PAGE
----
Making a necklace with copper findings and beads

I received a wonderful package of copper beads and do-dads from Auntie’s Beads a short while back. My mission was to see what they wanted to become :-) To make a necklace similar to this one, you'll need copper colored wire, some stone rounds and chips (I used turquoise and coral), and lots of cool copper stuff ! Materials : Copper colored wire (20 gauge) Turquoise and coral rounds, 4mm and 6mm Turquoise and coral chips Copper colored or red beading wire Copper chain, hook, crimps, jump rings, and head pins Copper round bead, floral patterned, 7mm Copper 2mm rounds, daisy spacers, bead caps, and hammered round links Tools: Round nose pliers Chain nose pliers Wire cutters File Measuring tape 1. Create wrapped loop dangles with head pins, 2mm copper rounds, daisy spacers, stone beads, and bead caps. Attach them in clusters to the hammered round links. 2. Cut 5" pieces of wire and make a large wrapped loop at the 2" point. 3. Slide 3 chips onto the long wire and 2 ont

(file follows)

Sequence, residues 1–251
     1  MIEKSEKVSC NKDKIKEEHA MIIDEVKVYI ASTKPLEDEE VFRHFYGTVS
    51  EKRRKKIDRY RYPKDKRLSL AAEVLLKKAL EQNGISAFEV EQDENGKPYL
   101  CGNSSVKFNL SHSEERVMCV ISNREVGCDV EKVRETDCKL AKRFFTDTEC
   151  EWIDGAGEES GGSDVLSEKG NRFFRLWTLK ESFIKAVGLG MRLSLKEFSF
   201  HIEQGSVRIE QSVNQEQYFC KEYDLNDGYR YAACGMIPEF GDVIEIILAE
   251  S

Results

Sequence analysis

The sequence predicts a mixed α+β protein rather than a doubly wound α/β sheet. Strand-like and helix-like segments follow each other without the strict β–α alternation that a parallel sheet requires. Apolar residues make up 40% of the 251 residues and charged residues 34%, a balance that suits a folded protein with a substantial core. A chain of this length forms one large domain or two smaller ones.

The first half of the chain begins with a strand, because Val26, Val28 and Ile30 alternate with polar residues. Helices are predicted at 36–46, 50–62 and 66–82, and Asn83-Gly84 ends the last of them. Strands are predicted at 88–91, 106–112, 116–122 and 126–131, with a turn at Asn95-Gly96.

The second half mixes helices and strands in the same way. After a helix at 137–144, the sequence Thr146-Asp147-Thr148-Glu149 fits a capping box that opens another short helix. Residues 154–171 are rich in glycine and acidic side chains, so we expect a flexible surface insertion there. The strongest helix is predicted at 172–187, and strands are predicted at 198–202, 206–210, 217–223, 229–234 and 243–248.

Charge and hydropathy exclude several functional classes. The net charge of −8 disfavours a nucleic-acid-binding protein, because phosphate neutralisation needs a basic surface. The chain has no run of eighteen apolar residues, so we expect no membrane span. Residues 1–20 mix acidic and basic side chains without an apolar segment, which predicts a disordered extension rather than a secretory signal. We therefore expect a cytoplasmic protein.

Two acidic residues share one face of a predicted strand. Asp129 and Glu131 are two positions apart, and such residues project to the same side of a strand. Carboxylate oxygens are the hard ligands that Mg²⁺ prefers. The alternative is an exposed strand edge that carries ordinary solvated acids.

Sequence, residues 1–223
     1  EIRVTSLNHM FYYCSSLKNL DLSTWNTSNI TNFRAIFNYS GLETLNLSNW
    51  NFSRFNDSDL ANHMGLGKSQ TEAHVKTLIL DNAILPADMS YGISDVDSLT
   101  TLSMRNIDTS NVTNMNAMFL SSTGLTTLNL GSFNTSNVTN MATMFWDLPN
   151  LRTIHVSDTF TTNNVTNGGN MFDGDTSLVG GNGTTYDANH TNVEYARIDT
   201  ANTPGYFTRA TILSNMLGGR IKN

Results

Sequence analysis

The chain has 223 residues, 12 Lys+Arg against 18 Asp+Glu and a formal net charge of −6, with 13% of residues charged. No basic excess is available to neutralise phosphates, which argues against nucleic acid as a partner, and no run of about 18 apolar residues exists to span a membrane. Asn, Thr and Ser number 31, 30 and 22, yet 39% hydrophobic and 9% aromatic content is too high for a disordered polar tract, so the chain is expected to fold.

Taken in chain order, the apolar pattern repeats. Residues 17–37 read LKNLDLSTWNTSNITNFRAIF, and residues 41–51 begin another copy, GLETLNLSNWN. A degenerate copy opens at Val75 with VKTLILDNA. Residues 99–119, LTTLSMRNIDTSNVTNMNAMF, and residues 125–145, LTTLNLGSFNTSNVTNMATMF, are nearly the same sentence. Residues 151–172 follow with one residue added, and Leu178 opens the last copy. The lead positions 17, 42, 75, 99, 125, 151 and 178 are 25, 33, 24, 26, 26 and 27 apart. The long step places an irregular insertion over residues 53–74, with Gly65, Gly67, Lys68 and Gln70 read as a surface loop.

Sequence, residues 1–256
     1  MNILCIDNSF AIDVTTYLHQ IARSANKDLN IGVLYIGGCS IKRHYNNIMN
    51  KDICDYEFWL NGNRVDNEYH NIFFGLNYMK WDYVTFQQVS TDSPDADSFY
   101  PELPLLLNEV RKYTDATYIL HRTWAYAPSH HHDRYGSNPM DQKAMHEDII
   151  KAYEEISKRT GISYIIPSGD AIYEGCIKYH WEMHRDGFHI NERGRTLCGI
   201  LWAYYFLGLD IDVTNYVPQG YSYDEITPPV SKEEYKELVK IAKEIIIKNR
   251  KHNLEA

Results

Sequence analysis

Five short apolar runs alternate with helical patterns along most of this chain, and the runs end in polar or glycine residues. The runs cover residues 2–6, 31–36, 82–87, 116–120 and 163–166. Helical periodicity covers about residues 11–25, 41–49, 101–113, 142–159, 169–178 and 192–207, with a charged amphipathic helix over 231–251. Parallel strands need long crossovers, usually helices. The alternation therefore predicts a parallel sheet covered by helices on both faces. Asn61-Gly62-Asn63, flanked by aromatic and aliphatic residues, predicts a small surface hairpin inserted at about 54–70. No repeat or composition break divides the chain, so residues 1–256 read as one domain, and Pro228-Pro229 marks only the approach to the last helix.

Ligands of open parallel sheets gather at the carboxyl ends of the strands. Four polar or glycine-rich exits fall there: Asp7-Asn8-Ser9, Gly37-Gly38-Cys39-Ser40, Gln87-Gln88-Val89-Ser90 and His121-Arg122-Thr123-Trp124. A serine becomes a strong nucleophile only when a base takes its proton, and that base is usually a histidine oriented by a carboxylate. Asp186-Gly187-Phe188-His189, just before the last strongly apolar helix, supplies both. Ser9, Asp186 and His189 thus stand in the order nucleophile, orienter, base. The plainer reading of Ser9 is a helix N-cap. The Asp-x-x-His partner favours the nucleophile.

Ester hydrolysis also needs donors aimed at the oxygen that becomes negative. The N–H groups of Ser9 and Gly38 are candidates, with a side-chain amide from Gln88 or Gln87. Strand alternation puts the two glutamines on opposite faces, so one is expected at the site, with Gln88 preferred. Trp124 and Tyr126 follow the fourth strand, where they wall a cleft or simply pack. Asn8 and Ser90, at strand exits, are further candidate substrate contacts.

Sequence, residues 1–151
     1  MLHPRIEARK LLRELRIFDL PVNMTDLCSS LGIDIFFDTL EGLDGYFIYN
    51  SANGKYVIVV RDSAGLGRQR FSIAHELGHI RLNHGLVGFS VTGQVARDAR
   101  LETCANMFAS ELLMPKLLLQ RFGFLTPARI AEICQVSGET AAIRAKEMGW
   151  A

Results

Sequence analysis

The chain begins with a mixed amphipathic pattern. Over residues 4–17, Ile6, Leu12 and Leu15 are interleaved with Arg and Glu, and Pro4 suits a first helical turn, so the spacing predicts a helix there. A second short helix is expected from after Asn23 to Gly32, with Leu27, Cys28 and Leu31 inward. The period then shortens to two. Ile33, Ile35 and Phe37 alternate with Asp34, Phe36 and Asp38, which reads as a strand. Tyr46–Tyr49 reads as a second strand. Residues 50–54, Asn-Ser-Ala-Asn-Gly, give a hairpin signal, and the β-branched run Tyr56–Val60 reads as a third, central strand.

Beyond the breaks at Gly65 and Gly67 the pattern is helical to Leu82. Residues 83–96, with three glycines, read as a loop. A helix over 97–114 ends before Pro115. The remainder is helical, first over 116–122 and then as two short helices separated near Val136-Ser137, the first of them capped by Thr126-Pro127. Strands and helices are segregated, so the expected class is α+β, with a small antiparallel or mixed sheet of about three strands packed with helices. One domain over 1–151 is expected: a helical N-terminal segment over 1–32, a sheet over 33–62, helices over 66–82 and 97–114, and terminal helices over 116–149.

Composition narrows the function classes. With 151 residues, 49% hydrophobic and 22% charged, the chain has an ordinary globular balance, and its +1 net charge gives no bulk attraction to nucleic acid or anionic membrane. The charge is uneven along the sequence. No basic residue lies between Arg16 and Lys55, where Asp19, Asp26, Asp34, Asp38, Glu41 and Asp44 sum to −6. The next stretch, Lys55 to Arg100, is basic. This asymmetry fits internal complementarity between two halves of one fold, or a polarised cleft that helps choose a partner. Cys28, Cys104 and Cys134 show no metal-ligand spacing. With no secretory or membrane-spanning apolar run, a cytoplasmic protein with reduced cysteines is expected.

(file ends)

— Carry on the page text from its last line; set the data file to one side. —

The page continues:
Book review: Fabulous Fabric Beads

Fabulous Fabric Beads by Kristal Wick Kristal Wick is the well-known creator of Sassy Silkies , and she has a fun book out now that will teach you how to make the fabric beads that she’s famous for! Kristal says that she first thought up her bead-making methods in response to complaints from people that their earrings were just too heavy. “I wanted to make something colorful yet lightweight that could change each season for my fashion-conscious customers,” she says. Kristal has 30 different custom bead designs for you to learn to make in this fun book. The colors are sumptuous, and your mind will spin with the possibilities